Throughout my academic career I have had many outstanding professors, colleagues and personal friends that have had a major impact on my academic development in this and in related areas. This might be the right time to thank them personally. Deep thanks go to Eitan Muller, Shlomo Kalish, Elie Segev, and Shlomo Globerson at Tel Aviv University; to Morris Teubal and Tamar Yinnon at the Jerusalem Institute for Israel Studies; to Dan Carmon, Yehuda Harel and Elie Abrahami at Yad Tabenkin; to Don Sexton, Paul Nutt, David Greenberger, Bob Backoff, Riad Ajami and Michael Camp at The Ohio State University; to Bart Schiavo, Ray Forbes, Bill Rives, Dick Curtis, Jay Young and Shah Hasan at Franklin University; to Karl Zehms, Fritz Erickson and Marilyn Sagrillo at UW-Green Bay; to Miltiadis Lytras at the University of Patras; to Ray Hackney at Brunel University; to Knut Ingar Westeren at North Trondelag University College; to David A. McEntire at University of North Texas; to Ernest Sternberg at State University of New York Buffalo: to Mike Santoro at Lehigh University: to Anja Schulz at Technische Universitat Dortmund: to Jeffrey Rafn at Northeast Wisconsin Technical College: to Manuel Rodenes-Adam at Universidad Politecnica de Valencia: to Emmanuel Carre at BEM, Bordeaux Management School; to Leopold Kahn at BEM, Bordeaux Management School: to Pedro Soto Acosta at Universidad De Murcia: to Bill Hynes at Saint Norbert College in De Pere, Wisconsin; to Silvio Bianchi Martini and Marco Allegrini at the University of Pisa; to Murray Jennex at San Diego State University, and to Riccardo Paterni at Professione Lavoro.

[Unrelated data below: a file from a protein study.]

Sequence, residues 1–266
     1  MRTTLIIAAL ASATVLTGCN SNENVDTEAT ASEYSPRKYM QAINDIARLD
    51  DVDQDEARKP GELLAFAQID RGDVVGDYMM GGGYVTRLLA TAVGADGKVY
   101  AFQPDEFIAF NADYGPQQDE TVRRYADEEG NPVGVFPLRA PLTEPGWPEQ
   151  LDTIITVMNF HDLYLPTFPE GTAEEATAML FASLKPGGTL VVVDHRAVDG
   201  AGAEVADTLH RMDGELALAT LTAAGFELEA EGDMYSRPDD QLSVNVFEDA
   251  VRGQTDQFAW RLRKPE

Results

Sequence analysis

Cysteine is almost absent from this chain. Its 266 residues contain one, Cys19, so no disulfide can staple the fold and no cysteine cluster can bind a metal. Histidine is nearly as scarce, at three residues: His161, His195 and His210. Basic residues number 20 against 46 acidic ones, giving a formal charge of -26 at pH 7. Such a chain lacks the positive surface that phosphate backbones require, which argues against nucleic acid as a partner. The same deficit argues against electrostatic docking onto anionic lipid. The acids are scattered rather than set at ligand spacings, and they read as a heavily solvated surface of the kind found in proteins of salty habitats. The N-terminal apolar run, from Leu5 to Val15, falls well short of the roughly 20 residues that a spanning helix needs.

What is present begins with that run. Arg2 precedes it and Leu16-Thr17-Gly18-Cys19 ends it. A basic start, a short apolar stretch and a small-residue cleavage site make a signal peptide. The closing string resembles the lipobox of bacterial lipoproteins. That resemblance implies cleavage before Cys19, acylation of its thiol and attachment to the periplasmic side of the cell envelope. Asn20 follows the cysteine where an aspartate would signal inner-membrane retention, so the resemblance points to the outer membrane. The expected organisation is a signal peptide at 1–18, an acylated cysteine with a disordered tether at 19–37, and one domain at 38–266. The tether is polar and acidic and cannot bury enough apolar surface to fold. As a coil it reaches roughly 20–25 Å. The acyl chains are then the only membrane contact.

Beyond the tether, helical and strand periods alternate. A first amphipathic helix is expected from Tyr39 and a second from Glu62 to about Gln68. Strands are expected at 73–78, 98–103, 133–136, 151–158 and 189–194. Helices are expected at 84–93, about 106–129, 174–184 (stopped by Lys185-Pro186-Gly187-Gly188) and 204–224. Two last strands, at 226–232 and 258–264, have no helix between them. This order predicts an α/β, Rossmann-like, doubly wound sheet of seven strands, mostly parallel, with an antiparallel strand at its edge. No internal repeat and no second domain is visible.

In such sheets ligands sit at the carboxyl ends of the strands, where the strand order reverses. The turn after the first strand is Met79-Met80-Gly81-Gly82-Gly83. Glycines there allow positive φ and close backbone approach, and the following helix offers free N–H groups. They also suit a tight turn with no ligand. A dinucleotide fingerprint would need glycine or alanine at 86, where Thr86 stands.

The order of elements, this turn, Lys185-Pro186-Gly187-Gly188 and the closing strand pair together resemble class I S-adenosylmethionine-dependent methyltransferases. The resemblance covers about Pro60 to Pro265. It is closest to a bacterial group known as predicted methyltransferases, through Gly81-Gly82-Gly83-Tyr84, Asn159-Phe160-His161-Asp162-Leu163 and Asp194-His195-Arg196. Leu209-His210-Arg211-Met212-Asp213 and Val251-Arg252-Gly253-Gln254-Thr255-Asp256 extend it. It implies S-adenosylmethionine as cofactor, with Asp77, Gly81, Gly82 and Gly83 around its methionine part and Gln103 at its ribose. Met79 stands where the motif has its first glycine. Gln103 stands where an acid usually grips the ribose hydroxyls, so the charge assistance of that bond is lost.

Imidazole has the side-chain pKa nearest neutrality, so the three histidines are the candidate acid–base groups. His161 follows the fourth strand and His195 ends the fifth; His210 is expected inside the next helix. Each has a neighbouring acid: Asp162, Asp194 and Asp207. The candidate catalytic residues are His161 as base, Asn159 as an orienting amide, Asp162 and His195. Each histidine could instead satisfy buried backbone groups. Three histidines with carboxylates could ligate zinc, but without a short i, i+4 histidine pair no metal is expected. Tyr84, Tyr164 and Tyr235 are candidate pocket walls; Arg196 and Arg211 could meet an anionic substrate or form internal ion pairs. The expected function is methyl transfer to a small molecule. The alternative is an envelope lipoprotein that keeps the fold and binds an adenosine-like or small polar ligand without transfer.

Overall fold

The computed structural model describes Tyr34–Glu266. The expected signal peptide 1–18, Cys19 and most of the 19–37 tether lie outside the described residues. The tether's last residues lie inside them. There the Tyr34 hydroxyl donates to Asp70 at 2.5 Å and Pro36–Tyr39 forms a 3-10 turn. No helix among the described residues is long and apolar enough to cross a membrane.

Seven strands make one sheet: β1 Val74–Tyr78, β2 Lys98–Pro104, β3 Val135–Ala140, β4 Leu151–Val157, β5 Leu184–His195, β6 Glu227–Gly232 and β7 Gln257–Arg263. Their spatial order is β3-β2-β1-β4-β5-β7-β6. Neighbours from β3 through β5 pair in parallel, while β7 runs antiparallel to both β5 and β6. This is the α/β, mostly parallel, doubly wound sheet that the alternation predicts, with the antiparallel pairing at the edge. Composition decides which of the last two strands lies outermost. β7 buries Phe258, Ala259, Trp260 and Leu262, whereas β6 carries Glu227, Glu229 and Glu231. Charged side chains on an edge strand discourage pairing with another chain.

Also I have to thank the two Assistant Development Editors whom I worked with at IGI Global, Rebecca Beistline and Christine Bufton, as well as to Kelly Anklam (at UW-Green Bay) for her ongoing editing of my writing, without whom this book would never have been published.

    Another thank you goes to the members of my editorial advisory board: Leif Edvinsson at Lund University and Kuan Yew Wong at Universiti Teknologi, Malaysia, as well as to my two reviewers: Jack Aschkenazi at American Intercontinental University and Michael Knight at UW-Green Bay.

    Lastly, I have to thank my two long time academic collaborators: Robert Fineman and Jeannette Jones at American Intercontinental University for their ongoing support and help over the last twelve years. I don’t think I have words to express my gratitude for the many hours they spent with me on this book.

    As always, the mistakes that remain are my personal responsibility.

      Meir Russ, University of Wisconsin - Green Bay, USA